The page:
Risks on both sides with deals financed by seller

For sale sign with sky in background

I’ve seen some signs lately that advertise homes for sale with seller-assisted financing.

Typically this means the property owner is willing to accept payments, much like a regular mortgage lender, for a period (usually about five years) and then expects a balloon payment at the end.

For some borrowers with less-than-perfect credit, seller financing might seem like a brilliant idea. They can skip the scary lender and still get the house they want regardless of their financial status.

Wrong.

Seller financing isn't common, but it does happen.

It's an option especially for sellers who don't need the money from a sale to finance their next property purchase. It's an option for buyers who might have a tough time securing a conventional mortgage.

However, there are risks for both the seller and the buyer.

First, the seller must ensure the buyer is creditworthy.

Always obtain a credit report and credit score for potential buyers. Anything below 620 puts the potential buyer in the lowest credit category, and you don't want to go there for any reason.

If your buyer has a credit score of 620 to 700, it's important to know why he or she has below-average credit. A buyer who defaulted on a couple of medical bills after an accident or illness is less of a risk than someone with a long history of not paying their credit card bills on time.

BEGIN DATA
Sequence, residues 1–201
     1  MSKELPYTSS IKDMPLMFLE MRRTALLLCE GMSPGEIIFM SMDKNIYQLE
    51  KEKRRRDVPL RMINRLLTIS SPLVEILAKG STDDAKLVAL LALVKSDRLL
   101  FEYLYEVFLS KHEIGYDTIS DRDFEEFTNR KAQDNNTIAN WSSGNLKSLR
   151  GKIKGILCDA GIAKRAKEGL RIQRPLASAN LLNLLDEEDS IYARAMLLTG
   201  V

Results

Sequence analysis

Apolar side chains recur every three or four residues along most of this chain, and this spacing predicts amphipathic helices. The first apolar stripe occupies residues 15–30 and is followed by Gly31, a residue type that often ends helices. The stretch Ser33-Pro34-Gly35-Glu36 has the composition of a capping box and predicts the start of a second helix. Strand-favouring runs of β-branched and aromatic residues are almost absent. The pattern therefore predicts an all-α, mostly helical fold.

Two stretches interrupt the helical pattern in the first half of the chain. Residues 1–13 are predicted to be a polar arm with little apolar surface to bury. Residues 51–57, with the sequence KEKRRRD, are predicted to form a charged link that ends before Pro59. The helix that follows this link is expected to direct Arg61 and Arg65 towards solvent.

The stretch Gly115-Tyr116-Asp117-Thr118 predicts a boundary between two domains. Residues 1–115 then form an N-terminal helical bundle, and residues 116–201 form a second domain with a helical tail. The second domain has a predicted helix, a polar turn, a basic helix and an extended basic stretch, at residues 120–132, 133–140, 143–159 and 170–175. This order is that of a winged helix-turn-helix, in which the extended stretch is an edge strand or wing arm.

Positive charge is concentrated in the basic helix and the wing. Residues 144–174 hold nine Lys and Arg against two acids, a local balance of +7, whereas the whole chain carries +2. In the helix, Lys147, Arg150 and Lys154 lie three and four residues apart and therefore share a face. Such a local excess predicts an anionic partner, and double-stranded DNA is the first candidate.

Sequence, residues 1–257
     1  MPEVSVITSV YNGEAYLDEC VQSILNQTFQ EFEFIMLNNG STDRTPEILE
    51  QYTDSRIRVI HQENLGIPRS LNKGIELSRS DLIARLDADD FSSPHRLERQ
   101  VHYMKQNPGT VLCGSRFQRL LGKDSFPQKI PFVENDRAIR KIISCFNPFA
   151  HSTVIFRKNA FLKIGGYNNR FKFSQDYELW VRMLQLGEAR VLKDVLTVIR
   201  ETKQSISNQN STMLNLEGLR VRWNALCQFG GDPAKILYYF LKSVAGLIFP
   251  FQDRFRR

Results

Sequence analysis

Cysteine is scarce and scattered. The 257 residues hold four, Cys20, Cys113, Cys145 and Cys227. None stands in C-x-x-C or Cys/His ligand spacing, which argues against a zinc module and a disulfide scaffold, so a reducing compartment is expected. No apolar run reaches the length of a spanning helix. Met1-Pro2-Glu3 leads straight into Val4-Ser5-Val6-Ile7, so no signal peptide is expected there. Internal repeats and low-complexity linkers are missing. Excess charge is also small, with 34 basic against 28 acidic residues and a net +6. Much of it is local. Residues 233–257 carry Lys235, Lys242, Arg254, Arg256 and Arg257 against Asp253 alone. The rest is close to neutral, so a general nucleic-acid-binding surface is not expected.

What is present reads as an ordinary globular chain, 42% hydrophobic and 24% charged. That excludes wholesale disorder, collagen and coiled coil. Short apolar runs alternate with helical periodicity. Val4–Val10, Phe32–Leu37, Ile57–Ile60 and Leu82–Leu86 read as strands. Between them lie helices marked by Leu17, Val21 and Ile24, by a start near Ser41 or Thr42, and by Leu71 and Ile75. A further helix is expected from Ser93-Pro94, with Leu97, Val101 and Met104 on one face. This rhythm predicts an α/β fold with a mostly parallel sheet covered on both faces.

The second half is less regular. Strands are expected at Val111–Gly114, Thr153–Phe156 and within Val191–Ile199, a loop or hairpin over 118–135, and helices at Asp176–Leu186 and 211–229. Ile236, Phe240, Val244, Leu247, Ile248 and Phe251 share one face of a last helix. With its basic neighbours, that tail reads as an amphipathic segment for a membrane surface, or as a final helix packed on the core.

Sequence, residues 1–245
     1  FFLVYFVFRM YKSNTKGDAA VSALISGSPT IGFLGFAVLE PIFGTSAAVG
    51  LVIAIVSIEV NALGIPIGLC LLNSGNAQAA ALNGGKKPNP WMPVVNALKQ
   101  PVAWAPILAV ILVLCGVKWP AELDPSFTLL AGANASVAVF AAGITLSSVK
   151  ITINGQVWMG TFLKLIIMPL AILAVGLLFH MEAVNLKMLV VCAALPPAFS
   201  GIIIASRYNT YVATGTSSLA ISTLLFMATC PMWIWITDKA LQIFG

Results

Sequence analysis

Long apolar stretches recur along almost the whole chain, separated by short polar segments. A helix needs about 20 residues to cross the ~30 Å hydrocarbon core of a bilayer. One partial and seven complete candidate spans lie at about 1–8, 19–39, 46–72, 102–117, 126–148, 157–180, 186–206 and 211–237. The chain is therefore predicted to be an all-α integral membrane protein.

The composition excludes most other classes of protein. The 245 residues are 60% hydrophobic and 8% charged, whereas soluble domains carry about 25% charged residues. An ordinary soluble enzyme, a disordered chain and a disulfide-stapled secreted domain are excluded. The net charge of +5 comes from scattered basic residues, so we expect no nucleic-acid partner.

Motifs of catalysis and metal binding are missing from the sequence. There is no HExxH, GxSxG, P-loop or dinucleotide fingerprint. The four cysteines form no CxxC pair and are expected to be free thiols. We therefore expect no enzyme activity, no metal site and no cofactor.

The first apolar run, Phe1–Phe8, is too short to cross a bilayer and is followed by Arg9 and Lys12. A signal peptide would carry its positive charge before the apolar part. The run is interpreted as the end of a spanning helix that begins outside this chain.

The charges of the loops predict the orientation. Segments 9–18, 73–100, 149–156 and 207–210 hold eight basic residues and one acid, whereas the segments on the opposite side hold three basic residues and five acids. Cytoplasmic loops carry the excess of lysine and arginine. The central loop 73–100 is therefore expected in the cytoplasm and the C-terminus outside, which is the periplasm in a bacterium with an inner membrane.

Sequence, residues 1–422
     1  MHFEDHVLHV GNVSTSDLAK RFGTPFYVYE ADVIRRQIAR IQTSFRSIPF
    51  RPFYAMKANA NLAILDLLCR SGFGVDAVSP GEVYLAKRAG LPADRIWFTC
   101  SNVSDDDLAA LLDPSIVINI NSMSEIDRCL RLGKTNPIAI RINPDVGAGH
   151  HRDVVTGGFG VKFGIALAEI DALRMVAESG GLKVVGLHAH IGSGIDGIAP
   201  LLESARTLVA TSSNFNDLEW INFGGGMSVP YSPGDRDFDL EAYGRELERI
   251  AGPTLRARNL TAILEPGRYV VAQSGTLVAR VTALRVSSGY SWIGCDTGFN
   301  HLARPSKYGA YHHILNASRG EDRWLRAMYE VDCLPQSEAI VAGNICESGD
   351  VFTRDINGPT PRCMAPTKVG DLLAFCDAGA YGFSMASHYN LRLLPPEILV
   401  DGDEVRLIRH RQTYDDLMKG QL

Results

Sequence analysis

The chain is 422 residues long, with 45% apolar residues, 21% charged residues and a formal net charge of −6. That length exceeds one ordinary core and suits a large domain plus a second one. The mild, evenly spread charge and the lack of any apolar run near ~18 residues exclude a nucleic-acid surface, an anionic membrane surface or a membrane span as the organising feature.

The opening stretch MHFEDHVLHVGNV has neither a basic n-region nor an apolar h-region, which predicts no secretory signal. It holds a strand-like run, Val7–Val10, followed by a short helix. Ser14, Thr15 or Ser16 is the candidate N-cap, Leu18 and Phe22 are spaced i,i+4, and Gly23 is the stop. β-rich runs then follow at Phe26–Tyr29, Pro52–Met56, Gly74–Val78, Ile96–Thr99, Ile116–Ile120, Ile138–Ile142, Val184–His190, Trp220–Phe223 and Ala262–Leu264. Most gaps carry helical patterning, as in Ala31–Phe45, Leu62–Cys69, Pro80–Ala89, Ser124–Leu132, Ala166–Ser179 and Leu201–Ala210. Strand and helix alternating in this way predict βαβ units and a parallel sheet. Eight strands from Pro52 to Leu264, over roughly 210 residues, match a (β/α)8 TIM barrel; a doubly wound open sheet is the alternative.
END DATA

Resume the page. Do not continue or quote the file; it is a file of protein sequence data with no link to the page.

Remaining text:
For the buyer, there are also risks.

While it may be nice to have an option outside of a typical mortgage lender, those who get the opportunity for seller financing may rush into the deal without proper knowledge of the process or preparedness for the lending requirements.

You might be able to afford to meet the monthly payment, but when it comes time for that large balloon payment, things can certainly get tricky. You'll likely have to make arrangements for bank financing.

But if you've already been turned down for a mortgage by a lender, you should sit back and figure out why. If it’s due to credit problems or financial capabilities, there is no guarantee a seller-financed deal will work out in your favor.

If you are considering a seller-financed scenario, hire a real estate attorney -- whether you’re the seller or the buyer. Obviously, you'll need to get everything in writing -- legally enforceable writing. Don't try to do it yourself.

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